A California teenager is speaking out about a state policy that allows men who identify as women to use public restrooms of their choice.
Rebecca Phillips, 17, was showering at her local YMCA when she encountered a naked man using the women's locker room.
"I immediately went back into the shower terrified and hid behind their flimsy excuse for a curtain until he was gone," she testified before the Santee City Council. "I ran into a stall to change as quickly as I could to organize my thoughts to share with the front desk."
Phillips told the YMCA staff about her encounter with the naked man, but she was told that the man was allowed to be there because he identified as a woman.
The Director of Membership for the San Diego County YMCA later called Rebecca's father and told her she was "safe" and that the biological male "was indeed allowed to shower wherever he pleased."
"I was made to feel as if I had done something wrong," Phillips said, adding, "the indecent exposure of a male to a female minor was an inconvenience to them."
Since the 17-year-old girl expressed her trauma over the incident, the transgender person has revealed their identity as Christynne Lili Wrene Wood.
Wood told the Times of San Diego that she has had gender "confirmation" surgery and added that Phillips did not see her genitalia.
"I've handled them with hormones, which I'll be on the rest of my life and I've handled them by two surgeries, one of which is completely irreversible and I'm fine with that," Wood said. "That's what I wanted."
Santee is a part of San Diego County and voted last May to redefine the word "woman", which now gives transgender women access to all county facilities, including restrooms, prisons, homeless shelters, and domestic violence shelters.
"Could you knowingly send an underage girl into a room where there was a naked male and say that she was not in danger, that she was safe, or more importantly, that this was right?" Phillips asked the city council members.
Phillips also told the council that other underage minors, including her five-year-old sister, go to that YMCA and go into to the women's bathroom.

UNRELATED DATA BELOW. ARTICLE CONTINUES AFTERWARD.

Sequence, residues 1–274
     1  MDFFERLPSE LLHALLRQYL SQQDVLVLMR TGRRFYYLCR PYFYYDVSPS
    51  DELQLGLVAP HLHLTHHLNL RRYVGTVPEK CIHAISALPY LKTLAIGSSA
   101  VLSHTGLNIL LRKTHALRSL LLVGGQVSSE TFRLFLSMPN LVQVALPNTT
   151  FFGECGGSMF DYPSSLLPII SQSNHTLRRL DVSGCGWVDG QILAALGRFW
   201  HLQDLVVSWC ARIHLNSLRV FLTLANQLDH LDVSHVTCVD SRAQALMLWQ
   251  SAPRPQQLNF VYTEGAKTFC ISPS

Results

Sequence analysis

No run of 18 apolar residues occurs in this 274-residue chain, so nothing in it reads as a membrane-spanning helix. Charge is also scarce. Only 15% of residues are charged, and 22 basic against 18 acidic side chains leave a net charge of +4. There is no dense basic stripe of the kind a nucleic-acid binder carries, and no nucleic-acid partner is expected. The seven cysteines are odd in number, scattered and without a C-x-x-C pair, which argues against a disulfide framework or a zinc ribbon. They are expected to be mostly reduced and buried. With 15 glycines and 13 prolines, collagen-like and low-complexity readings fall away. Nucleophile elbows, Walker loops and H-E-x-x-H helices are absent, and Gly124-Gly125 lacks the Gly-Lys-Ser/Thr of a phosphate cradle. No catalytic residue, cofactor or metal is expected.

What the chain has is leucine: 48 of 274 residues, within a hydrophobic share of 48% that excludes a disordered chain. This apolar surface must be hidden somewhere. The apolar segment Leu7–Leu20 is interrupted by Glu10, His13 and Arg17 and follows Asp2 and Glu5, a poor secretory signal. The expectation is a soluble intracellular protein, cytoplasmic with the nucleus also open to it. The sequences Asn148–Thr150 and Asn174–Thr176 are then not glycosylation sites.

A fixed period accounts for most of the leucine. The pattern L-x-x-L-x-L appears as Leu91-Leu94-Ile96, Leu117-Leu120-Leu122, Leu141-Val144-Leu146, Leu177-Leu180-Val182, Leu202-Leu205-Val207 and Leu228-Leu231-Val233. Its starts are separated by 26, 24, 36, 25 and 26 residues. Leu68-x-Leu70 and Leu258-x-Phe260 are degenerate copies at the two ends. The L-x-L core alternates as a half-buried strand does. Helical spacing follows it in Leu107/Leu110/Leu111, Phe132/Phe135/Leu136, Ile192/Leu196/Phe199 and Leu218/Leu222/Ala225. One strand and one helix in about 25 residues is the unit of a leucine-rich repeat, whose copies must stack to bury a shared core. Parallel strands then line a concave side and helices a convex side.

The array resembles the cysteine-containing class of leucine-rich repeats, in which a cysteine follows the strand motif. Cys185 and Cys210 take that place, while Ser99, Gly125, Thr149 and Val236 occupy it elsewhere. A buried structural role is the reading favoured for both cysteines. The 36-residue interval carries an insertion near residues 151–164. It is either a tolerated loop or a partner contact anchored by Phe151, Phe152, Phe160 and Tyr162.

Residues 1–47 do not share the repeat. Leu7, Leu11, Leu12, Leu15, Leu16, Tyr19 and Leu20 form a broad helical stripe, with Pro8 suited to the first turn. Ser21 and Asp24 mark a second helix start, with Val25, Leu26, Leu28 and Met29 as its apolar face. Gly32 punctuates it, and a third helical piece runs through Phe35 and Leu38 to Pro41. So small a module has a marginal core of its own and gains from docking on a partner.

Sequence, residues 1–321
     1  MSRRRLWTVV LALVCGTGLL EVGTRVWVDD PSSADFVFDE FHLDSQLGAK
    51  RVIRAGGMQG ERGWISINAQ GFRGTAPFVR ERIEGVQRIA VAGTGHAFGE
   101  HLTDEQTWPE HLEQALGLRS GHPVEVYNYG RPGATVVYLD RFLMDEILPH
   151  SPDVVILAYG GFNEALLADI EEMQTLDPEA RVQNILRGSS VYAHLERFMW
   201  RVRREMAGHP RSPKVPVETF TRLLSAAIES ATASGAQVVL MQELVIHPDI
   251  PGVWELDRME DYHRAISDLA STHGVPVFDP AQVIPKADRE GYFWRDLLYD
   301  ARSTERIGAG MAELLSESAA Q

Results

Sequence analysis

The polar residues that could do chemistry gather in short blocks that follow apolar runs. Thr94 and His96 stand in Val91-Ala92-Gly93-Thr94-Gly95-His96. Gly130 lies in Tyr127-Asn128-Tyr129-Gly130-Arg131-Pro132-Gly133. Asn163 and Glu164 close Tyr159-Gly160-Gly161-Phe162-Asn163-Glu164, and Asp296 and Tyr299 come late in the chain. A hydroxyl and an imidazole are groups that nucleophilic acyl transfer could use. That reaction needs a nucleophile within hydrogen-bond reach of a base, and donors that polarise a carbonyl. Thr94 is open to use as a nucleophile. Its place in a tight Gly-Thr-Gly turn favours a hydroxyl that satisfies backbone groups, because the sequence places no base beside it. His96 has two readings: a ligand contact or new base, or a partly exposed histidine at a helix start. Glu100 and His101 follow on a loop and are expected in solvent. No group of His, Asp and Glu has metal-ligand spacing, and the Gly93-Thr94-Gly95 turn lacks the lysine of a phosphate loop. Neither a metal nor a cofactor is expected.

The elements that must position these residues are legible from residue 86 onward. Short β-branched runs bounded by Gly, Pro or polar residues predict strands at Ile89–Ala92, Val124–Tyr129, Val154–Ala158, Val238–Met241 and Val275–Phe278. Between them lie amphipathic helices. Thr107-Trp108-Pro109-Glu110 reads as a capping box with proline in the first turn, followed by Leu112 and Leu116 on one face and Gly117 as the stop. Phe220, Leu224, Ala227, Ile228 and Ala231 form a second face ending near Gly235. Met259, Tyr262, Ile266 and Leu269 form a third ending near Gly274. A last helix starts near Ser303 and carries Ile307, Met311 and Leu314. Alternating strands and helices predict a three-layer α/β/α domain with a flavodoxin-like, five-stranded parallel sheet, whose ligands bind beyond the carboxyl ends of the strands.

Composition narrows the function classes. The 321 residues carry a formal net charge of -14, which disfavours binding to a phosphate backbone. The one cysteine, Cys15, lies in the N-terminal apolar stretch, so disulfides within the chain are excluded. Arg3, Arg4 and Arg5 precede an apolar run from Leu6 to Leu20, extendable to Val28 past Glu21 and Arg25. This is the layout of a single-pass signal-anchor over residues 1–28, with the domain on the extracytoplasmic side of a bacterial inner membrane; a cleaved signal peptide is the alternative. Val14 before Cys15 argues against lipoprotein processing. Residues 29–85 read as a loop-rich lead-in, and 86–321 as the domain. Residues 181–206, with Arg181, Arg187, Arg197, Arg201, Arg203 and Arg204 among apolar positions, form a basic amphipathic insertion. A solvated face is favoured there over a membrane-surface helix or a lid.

"This is the YMCA where hundreds of children spend their summer afternoons in childcare camps," she emotionally expressed. "This is the YMCA where my little sister took gymnastics lessons. The locker room was supposed to be her safe haven to gossip with her friends, and shower and change."
The Santee YMCA initially released this statement:
"As a community-focused organization, we strive to meet the needs of all individuals. We recognize that birth and gender identity are sensitive subjects. We rely on subject matter experts, laws, and guidelines established by the State of California to ensure our policies are welcoming and respectful for all community members."
"As part of this commitment to ensure all individuals feel comfortable, we are reviewing lock room floorplans across all facilities within our association. Our goal is to ensure that everyone has access to additional privacy if desired and needed."
The organization later issued an apology to Phillips:
"We understand that the minor involved felt hurt and frustrated, and we wholeheartedly apologize for not providing her with the level of support she deserves," it read.
But Phillips doesn't feel like her right to privacy is being upheld, telling the city council, "The fact that we are now tailoring our privacy policies and bathroom laws around transgenders ignoring the blatant threat to safety that this poses is obscene. The safety of girls is on the chopping block…so I implore you all to take action."
She added, "Everyone agrees that a grown man should not be showering next to an underage girl. It's that simple."